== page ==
The long-awaited match began living up to its hype when the fastest own-goal in the history of Copa America put Mexico ahead. The Uruguayans lost their concentration for a while and could have lost the match right there and then but as the match progressed, they managed to begin attempting to balance it little by little. But, the Mexican performance during the first half was marvellous. It reminded me of Pep Guardiola’s Bayern München in the way they controlled the ball and intercepted every single Uruguayan attempt to build anything. They just were not lethal.
The fastest own goal in the history of Copa America
Before the match started, the Chilean National hymn was played instead of the Uruguayan National hymn. How does this happen? I mean, is Peter Griffin in charge of it or what? They apologized publicly through their social networks, but the incident is still frowned upon. The Mexican fans booed those in charge, standing up for Uruguay, and the world went mad accusing the Mexicans of being disrespectful.
Anyway, after twenty-five minutes, Mexico started offering more spaces to the Charrúas, and the score was almost tied when Talavera stopped a bullet with his chest in the 29th minute when the Mexican defense allowed PSGs Cavani to roam the area completely unmarked.
The Mexican national team completely dominated the first half of the match by applying pressure to every build-up from the South Americans and stealing every dubious pass. On an individual level, the North American squad was simply unreachable, especially Javier Aquino, who was practically unstoppable in the first 45 minutes. This led to the Uruguayan players losing their patience and starting tackling right and left, which resulted in a red card for Matias Vecino in the 45th minute.
The beginning of the second half saw a more attacking Uruguayan side and a shaky Mexican defense. Cavani almost got the best of them three minutes into the second half. Rafael Márquez (who is playing his sixth Copa America), instead of remaining strong, fumbled a few important balls and Javier Aquino, Mexico’s most dangerous man until that moment, was substituted at the 53rd minute. However, his replacement, Pachuca’s Hirving Lozano, proved to be a fast and fit replacement, capable of providing good opportunities for Chicharito and becoming the decisive factor. Man of the match material, too!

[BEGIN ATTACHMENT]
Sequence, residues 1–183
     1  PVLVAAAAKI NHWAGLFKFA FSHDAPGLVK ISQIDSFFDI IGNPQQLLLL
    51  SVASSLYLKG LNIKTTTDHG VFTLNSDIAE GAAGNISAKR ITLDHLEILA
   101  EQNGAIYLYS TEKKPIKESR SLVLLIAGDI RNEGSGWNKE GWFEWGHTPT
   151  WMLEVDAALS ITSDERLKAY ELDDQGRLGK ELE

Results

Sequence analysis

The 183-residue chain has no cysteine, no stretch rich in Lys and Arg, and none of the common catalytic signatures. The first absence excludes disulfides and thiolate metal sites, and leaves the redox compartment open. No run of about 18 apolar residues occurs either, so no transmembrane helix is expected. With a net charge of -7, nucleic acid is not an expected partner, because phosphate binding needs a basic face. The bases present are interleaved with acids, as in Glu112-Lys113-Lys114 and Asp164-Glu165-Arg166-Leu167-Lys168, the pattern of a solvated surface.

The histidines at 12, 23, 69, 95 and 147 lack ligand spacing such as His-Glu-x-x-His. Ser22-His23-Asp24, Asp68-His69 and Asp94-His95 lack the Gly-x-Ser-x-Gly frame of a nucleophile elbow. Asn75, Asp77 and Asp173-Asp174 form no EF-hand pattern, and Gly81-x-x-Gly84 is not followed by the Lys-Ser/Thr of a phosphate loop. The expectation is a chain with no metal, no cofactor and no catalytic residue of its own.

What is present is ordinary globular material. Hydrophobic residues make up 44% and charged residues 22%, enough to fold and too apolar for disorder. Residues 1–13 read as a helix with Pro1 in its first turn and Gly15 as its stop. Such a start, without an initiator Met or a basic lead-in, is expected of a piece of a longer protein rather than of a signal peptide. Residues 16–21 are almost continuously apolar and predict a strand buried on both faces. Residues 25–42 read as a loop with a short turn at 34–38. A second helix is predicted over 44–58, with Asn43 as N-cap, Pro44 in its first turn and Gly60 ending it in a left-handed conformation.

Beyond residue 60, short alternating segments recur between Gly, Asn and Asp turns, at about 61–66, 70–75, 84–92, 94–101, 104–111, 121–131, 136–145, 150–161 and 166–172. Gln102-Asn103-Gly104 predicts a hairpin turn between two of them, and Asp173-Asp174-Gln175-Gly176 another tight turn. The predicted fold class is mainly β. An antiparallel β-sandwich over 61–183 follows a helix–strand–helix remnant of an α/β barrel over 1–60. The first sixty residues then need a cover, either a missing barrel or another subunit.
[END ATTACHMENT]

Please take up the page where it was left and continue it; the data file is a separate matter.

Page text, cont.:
Uruguay produced a couple of beautiful plays but the finishing touch was just awful or non-existent. Rolan at the 57th minute and a horrible mistake by Mexican’s goalkeeper, Arturo Talavera, at the 70th minute, were their best options to tie the game, but their efforts were in vain until the 73rd minute, when a weird call saw PSV’s player, Andrés Guardado, receive a red card and in the following set piece, Diego Godin headed the ball home for the 1:1.
Andres Guardado Red Card
Diego Godin Goal
Ten minutes later, the former Barcelona player and captain of the Mexican National team, Rafael Márquez, found a lonely ball in the area and hit it as hard as possible to put it past Muslera, putting Mexico ahead and scoring his first goal in six Copas Americas. Héctor Herrera (this time it really was him) scored the third goal for Mexico in the 92nd minute to kill any opportunities of an Uruguayan comeback.
In summary, Mexico paid their second half instability and descended into an unorganized state that gave Uruguay a chance to claim a point in Phoenix, Arizona. But by being consistent, Mexico showed that if they can remain focused, few teams can give them a run for their money. The Mexican National team has not lost a single game in 20 consecutive matches. If Mexico is on fire, the United States stadiums will burn. I did not mean it that way, Trump!
An interesting match and a good result that keeps the excitement alive in the group. Uruguay will face Venezuela and Mexico will go up against Jamaica on June 9 to try and decide Group C.
Alvaro Pereira (OG – MEX) ’4, Rafael Márquez (MEX) ’85, Héctor Herrera (MEX) ’92 / Diego Godín (URU) ’74
Andrés Guardado (MEX) ’25, Raúl Jiménez (MEX) ’93 / Matías Vecino (URU) ’27, J.M. Giménez (URU) ’59, Maxi Pereira (URU) ’68, Matías Vecino (URU) ’84
Matias Vecino (URU) ’45 / Andrés Guardado (MEX) ’73